The Bulldogs don't have any drama, with Aaron Murray the unquestioned starter and sophomore Hutson Mason the established backup ahead of true freshman Christian LeMay. Mason has had an up-and-down fall camp, though, with some reportedly sharp practices offset by outings like one four-interception practice he called "my worst day ever — in football, period."

KENTUCKY: Morgan Newton
has long since been anointed the Wildcat starter, but Kentucky may need him to stay healthy even more than the Bulldogs' need the same for Murray. Newton and the Wildcat coaches have both had ample praise for backup Maxwell Smith's ability to pick up the offense after just one spring camp and one fall practice ... but the reason Smith's had just one of each is because he's a true freshman, and not a particularly highly-regarded one (according to recruiting experts) at that.

LSU:
Now here's some drama. Much to many Tiger fans' chagrin, as of this moment not even the threat of a second-degree battery arrest is enough to move the gauge-needle on Jordan Jefferson's starting job away from "likely." Now here's the even more depressing news for those bayou residents hoping strong-armed JUCO (and former Georgia backup) Zach Mettenberger would assume the top spot: Mettenberger still hasn't even supplanted Jarrett Lee as the Tigers' backup. According to Lee himself, Jefferson is still running with the "ones" in practice, Lee the twos, and Mettenberger is left with whatever reps Lee doesn't take. If Jefferson does miss the opener against Oregon, it will now be quite the shock if Mettenberger gets the call over Lee, who does say he's had the best camp of his long career.

MISSISSIPPI STATE: 
We know that Chris Relf will be the Bulldog' starter. The question is: will backup Tyler Russell borrow any of Relf's snaps, as he did early in 2010 as the designated pocket quarterback? The consensus seems to be that he won't, with third-stringer Dylan Favre (yes, the nephew of that other Favre) reportedly closer to Russell than Russell is to Relf. Dan Mullen hasn't entirely ruled out a return to a quarterback rotation, but we'll be surprised if we see Russell in the event of anything other than a Relf injury.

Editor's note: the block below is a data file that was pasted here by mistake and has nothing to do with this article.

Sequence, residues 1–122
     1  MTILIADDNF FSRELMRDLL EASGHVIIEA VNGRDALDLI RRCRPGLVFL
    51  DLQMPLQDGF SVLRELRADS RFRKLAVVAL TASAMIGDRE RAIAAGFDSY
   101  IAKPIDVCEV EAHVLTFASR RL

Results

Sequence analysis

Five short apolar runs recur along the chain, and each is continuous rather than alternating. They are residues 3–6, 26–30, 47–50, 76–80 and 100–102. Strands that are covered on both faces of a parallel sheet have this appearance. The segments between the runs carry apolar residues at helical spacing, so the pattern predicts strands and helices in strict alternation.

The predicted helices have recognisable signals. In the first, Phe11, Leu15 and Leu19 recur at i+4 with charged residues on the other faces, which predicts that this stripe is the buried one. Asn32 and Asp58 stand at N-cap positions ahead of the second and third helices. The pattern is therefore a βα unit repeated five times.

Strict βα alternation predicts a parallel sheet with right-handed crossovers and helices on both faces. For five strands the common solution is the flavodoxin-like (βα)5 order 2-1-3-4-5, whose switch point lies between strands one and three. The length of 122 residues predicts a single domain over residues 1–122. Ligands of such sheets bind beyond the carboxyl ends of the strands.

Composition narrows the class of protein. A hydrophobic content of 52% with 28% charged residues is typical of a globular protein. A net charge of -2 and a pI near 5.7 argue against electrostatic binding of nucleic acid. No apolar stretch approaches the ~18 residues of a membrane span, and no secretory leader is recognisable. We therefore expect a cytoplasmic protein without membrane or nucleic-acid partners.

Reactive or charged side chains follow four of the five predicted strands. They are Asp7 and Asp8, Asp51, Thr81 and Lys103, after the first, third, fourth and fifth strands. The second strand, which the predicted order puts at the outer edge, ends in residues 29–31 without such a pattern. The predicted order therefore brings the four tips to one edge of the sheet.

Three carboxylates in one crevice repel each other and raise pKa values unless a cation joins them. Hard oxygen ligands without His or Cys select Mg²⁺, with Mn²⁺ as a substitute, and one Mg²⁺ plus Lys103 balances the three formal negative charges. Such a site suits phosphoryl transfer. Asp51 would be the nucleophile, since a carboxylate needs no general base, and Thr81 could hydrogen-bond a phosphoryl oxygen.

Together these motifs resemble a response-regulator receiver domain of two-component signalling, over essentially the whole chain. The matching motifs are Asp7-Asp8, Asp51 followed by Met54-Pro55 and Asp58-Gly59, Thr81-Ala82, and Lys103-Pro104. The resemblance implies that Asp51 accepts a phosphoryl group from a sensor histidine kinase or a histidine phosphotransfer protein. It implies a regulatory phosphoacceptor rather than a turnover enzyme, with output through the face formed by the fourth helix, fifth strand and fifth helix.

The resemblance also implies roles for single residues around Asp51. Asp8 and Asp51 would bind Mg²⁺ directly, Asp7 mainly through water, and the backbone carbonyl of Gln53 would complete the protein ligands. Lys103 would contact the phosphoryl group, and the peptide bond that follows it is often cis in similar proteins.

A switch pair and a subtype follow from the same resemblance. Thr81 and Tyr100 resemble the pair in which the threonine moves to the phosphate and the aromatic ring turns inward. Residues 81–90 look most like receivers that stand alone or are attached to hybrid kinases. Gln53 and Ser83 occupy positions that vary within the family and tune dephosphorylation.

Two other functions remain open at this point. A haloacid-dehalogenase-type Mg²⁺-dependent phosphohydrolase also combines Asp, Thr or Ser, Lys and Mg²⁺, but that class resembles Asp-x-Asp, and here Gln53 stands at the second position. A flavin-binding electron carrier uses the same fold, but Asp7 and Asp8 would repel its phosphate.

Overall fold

OLE MISS:
We touched on this earlier today in the wake of Randall Mackey's arrest and "likely" suspension for the Rebels' season opener, but it appears Barry Brunetti -- always the narrow favorite to win the starting job coming out of spring practice -- is now the most likely candidate to begin Ole Miss's 2011 season under center. But will he stay there? The Rebel coaching staff seems genuine in their repeated statements that none of their three candidates has separated himself from the other two, and former Houston Nutt doghouse resident Zack Stoudt offers a stronger-armed passing element that both Brunetti and Mackey lack. Unless Brunetti shines out of the gate, expect Stoudt to get a serious look at some point. And if Mackey avoids the doghouse himself, the same could go for him, too.

SOUTH CAROLINA:
Steve Spurrier promised a legitimate quarterback battle back at SEC Media Days, but whatever slim chance Connor Shaw actually had of unseating Stephen Garcia, it likely evaporated last week when Shaw injured his thumb and missed three practices. Never say never with Spurrier, but it will likely take some truly egregious play on Garcia's part (or another off-field incident) for Shaw to see any meaningful playing time.

TENNESSEE: Tyler Bray hasn't always pleased his coaches or put his best foot forward this fall, but he appears to have done plenty enough to hold off Matt Simms, who sounds as if he's resigned himself to being the backup. All the same, having Montana as an opening-week tune-up should be an excellent opportunity for Bray to make sure the Vols' two-headed QB wounds of 2010 don't reopen.

VANDERBILT: